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What Makes A “Traveler” So Unique?

The Traveler Within

By Val Jon

“Travel is more than the seeing of sights; it is a change that goes on deep and permanent in the ideas of living.”

– Miriam Beard

San Miguel de Allende is an alluring destination for travelers, and because travelers are some of the most interesting people in the world, they add character and depth to the city. Not only have travelers deepened their ideas of living, as Miriam Beard suggests, they constantly venture beyond the shores of certainty and explore the mysteries of uncertainty.

Some say travelers are restless and are born with a wayward streak. Others label them as nomads and vagabonds. And still others romanticize them as wayfarers and pioneers. But beyond these fanciful notions, one of the distinguishing characteristics dwelling within a traveler is simple curiosity.

Curiosity may be a simplistic notion, but that doesn’t mean it lacks character or depth. Curiosity is a natural attribute all of us are born with. Newborns are fascinated by absolutely everything and their inquisitiveness compels them to travel, first on their bellies, then on their hands and knees, and finally on their feet and legs.

Yet as fundamental as curiosity is in our lives, many of us lose touch with it. As we mature into adulthood our fascination with learning new things wanes and we tend to become set in our ways. There’s nothing wrong with settling on certain preferences and beliefs, but when it’s at the expense of our inquisitive nature we slip into apathetic disinterest, a condition in which the mystery of being alive gets replaced with the misery of merely living.

But why would anyone trade curiosity for disinterest? For one simple reason: adults must contend with something children are yet to confront—the insecurities of a mature ego. To a child, curiosity evokes an enthusiastic opportunity to learn and grow. But to the adult ego, it conjures up the risk of embarrassment or humiliation. It’s important to realize that although our ego remains safe in the absence of risk, our aliveness diminishes because we’ve removed ourselves from discovering the mysteries of life. The poet e. e. cummings speaks of the opportunity to engage in curiosity this way: “Once we believe in ourselves, we can risk curiosity, wonder, spontaneous delight, or any experience that reveals the human spirit.”

While infants don’t necessarily believe in themselves, they’re comfortable being who they are, just as they are, without any second-guessing or self-judgment. This quality of self-acceptance must be integrated into our adult persona if we are ever to believe in ourselves. Those who believe in themselves have moved beyond the need to protect their self-image. Rather than catering to their ego’s fear of humiliation they’ve learned to embrace curiosity with a measure of humility. (What distinguishes humiliation from humility is the ego’s propensity for self-invalidation rather than self-acceptance.)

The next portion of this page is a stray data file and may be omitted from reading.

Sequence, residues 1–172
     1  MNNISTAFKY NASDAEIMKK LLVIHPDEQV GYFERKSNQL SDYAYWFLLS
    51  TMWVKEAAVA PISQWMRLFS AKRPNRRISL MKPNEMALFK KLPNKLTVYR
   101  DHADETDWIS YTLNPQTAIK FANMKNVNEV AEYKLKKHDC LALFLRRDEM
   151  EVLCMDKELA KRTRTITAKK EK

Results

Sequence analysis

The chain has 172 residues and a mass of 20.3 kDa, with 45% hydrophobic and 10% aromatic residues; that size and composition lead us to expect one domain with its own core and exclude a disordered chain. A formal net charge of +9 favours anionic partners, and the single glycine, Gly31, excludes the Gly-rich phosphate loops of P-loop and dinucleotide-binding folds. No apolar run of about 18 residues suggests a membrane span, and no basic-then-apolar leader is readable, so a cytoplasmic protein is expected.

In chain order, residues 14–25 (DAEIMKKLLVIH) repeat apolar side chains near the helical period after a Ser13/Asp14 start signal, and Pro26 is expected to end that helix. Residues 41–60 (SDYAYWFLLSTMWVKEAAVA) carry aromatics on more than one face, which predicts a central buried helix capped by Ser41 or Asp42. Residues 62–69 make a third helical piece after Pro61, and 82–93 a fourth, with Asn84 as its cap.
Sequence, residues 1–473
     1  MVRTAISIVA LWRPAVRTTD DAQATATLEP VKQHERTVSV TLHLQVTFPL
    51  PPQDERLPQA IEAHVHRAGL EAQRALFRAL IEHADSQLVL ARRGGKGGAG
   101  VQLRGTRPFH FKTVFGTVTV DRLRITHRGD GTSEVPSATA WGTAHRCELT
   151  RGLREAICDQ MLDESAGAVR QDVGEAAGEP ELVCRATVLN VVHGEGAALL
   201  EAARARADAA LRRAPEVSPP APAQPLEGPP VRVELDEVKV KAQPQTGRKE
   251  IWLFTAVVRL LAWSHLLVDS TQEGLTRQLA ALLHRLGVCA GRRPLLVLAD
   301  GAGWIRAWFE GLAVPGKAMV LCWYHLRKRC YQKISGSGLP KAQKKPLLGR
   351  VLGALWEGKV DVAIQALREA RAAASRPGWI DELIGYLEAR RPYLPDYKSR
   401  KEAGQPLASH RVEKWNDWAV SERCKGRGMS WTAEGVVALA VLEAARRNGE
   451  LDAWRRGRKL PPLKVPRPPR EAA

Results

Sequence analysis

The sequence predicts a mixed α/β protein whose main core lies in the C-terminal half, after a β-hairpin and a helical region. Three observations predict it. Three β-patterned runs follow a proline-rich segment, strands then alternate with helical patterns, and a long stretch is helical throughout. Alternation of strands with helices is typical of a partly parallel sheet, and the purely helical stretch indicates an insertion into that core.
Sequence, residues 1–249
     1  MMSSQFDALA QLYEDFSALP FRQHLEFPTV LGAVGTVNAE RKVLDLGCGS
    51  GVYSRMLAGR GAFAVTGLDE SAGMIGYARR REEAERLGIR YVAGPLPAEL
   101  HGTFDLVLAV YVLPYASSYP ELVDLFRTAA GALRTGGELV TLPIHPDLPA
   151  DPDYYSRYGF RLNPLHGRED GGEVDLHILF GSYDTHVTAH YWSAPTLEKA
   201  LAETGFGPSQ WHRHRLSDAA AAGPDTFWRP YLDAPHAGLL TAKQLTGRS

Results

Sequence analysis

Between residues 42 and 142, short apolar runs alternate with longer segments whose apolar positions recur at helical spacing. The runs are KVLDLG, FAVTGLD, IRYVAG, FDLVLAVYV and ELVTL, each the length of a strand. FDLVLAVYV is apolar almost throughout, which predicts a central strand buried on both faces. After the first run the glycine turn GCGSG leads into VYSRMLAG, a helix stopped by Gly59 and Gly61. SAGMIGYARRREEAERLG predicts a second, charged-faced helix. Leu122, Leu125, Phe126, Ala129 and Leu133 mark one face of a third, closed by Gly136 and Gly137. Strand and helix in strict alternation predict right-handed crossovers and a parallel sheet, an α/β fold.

So how do we deepen our self-acceptance and belief in ourselves? By getting to know who we are in very a specific way; not in a way others expect or want, but in a way that arises within the crucible of our own discernment. Self-belief is borne of our own experimentation with cause and effect, our own insight and discovery, and more than anything, our own responsibility for engaging in a life we deem is worth living, whether anyone else validates it or not.

One final thought before closing this edition of The Traveler Within…there is a useful distinction between a “tourist” and a “traveler” I want to leave you with. A tourist is a casual sightseer who uses their travel itinerary to boost their ego and prove their self-worth. Travelers don’t cater to their ego in this way and they’re not sightseers. Rather, they’re curious visionaries who engage in travel as a way to explore the majesty and grace of the human spirit dwelling within them.

Join me next time as we venture beyond curiosity and into another compelling traveler characteristic. Curious as to what it might be? That’s the spirit!

Val Jon Farris is an award-winning author and Huffington Post columnist. He is also a Spiritual Anthropologist and Professor of Ancient Mayan Philosophy. Val Jon hosts expeditions to sacred sites around the world and offers workshops to those interested in exploring both the wonders of the outer world and the mysteries of the inner self. View his video series:


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